2004 Pearl P. W. Law et al [110] Study on the improvement of physical performance of people with knee OA using TENS Improvement observed till about 10 days, insignificant beyond it A larger study with the assessment of other functional outcomes may be required
2007 Kazunori Itoh et al [111] Study tests whether a combined treatment of acupuncture and TENS is more effective than acupuncture or TENS alone for treating knee osteoarthritis (OA). The study showed that TENS gave short relief from pain while acupuncture gave a longer relief and the combination of both gave a better result than control group, only acupuncture or only TENS treatments. Initially 32 patients were taken for the purpose, but on completion, only 24 remained.
2007 Jan M Bjordal et al [112] Assessment of the short-term pain relief of the physical agents for knee osteoarthritis 2-4 week treatment regime seemed to offer clinically relevant short-term pain relief No. of trials taken were 11
2009 Anne W.S. Rutjes et al [113] Comparison of TENS with sham or no specific intervention in terms of effects on pain and withdrawals due to adverse events in patients with knee osteoarthritis The study was inconclusive. It could not be confirmed that TENS was effective for pain relief Small trials of questionable quality. Appropriately designed trails of adequate power were warranted
2012 Wright A. [114] A study to explore the evidence for using TENS to relieve pain Literature available provides conflicting evidence. Inherent problems with trail designs.
2015 Carol G.T. Vance et al [115] Critical review of the latest basic science and clinical evidence for TENS High frequency and low frequency TENS have been shown to provide analgesia specifically when applied at a strong, non-painful intensity and high frequency TENS may be more effective for people taking opioids. Further investigation is warranted to ensure optimal use. Investigation in the area of TENS tolerance is necessary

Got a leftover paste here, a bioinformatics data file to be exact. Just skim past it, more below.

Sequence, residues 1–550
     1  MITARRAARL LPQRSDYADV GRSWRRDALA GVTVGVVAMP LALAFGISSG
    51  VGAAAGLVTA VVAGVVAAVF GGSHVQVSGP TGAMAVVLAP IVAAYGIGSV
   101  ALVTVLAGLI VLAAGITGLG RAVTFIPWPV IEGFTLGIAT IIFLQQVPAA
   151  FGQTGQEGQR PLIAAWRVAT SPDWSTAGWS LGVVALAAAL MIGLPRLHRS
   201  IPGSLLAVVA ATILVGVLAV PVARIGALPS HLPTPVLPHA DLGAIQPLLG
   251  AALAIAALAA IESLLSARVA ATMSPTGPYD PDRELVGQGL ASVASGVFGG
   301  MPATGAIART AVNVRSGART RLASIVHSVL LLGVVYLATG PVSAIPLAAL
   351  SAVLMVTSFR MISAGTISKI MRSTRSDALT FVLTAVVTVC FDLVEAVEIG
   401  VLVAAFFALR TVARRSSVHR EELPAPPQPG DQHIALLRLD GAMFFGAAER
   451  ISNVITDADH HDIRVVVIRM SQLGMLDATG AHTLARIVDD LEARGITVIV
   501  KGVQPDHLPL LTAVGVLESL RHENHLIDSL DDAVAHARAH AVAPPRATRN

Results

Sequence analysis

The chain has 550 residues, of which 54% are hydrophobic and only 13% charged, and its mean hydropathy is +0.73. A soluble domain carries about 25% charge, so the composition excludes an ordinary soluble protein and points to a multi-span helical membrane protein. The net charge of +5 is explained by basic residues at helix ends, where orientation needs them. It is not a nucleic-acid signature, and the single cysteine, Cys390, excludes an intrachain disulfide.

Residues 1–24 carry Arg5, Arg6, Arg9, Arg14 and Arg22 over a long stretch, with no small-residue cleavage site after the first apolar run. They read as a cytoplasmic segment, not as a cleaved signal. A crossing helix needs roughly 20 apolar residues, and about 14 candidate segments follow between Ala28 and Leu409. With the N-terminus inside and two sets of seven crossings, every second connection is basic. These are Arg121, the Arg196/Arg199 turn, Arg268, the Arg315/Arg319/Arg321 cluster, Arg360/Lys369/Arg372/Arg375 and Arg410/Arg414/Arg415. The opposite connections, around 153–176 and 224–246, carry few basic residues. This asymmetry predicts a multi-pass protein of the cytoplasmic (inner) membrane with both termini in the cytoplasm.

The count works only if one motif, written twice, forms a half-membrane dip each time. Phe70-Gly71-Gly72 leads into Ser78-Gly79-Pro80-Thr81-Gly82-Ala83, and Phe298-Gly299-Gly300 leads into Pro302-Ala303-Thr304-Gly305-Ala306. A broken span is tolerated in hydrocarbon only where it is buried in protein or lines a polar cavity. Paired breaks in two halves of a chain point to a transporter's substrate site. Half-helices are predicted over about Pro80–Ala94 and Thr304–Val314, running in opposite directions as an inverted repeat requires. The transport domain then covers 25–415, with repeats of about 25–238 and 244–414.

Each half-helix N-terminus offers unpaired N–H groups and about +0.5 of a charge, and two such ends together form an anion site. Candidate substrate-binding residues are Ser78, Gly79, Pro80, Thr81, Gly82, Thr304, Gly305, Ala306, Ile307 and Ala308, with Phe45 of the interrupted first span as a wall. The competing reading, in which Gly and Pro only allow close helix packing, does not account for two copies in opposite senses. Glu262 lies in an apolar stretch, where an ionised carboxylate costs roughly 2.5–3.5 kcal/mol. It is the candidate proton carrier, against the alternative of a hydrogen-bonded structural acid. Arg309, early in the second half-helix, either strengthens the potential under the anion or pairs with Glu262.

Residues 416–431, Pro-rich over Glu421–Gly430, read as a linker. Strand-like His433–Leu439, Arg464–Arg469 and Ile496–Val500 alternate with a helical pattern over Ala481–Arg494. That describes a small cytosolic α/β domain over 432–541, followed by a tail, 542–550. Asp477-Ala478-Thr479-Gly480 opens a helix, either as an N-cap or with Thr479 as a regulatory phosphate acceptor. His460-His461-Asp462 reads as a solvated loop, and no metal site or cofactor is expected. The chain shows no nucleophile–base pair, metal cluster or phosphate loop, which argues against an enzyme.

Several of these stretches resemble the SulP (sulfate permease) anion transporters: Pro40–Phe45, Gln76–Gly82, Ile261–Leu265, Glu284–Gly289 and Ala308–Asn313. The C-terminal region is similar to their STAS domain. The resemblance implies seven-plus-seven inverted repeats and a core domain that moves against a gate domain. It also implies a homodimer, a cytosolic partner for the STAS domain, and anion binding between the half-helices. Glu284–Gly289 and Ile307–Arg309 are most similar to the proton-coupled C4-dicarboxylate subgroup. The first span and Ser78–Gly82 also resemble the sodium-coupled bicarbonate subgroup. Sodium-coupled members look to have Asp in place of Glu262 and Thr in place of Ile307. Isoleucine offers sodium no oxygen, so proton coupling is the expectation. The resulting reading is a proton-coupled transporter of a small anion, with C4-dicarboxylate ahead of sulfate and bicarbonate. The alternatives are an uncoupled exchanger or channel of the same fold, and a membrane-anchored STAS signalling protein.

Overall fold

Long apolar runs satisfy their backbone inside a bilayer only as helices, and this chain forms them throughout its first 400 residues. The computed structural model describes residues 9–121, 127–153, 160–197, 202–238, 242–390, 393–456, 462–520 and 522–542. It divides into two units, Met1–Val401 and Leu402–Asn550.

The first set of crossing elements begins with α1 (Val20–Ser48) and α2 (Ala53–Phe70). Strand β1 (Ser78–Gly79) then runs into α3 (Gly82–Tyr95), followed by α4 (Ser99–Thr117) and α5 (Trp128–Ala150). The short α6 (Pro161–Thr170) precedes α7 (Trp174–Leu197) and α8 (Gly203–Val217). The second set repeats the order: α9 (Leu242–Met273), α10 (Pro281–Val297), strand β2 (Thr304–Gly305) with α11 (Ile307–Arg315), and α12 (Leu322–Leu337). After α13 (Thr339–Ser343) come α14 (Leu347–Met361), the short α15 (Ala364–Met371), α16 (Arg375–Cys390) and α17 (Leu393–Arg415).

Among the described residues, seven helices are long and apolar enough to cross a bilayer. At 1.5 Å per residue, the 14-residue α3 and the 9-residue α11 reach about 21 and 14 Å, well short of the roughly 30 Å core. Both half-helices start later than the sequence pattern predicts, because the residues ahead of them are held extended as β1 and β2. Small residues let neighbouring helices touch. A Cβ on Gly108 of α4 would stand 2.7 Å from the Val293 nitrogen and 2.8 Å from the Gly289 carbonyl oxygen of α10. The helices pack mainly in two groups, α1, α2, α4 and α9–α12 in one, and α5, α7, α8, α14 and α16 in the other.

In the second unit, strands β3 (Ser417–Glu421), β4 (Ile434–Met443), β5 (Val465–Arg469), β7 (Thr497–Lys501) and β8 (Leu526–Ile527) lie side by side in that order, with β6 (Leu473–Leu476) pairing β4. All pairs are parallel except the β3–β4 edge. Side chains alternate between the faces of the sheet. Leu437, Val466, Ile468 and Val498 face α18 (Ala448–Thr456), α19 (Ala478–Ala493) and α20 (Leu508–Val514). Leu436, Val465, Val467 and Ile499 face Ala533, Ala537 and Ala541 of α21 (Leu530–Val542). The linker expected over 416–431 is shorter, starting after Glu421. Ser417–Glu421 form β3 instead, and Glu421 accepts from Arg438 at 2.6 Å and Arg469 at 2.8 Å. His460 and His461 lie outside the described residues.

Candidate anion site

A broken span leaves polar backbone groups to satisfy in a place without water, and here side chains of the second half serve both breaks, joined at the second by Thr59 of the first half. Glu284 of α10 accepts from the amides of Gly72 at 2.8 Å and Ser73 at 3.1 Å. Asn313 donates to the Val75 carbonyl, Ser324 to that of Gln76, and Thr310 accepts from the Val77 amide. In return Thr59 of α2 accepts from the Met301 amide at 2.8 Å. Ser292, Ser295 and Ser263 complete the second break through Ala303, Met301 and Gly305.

Electrical stimulation has been used to increase strength [82] and endurance of muscle, improve range of motion, neuromuscular re-education, pain management, reducing oedema, and as an aid in the healing of bone fractures and pressure sores. Electrical stimulation excites the motor nerve going to muscle and not muscle itself. Therefore, high frequency stimulation (>70 Hz) may cause neuromuscular junction failure and muscle will rapidly fatigue. The optimum frequency is similar to the range of normal motor unit discharge frequencies generated during voluntary activity, 20-50 Hz. Lower frequencies cause an unfused muscle contraction. With optimum electrical stimulation, the cutaneous sensory nerves gets stimulated first, followed by motor nerve stimulation and finally the stimulation of small diameter pain fibres. The sequence of stimulation of these three types of nerve fibers is affected in the same order with any form of stimulating pulse. Neuromuscular electrical stimulation (NMES), used interchangeably with electrical stimulation (ES), is typically provided at higher frequencies (20-50 Hz) to produce muscle tetany and contraction that can be used for functional purposes. Some recent studies on NMES therapy for knee OA management have been shown in table 3.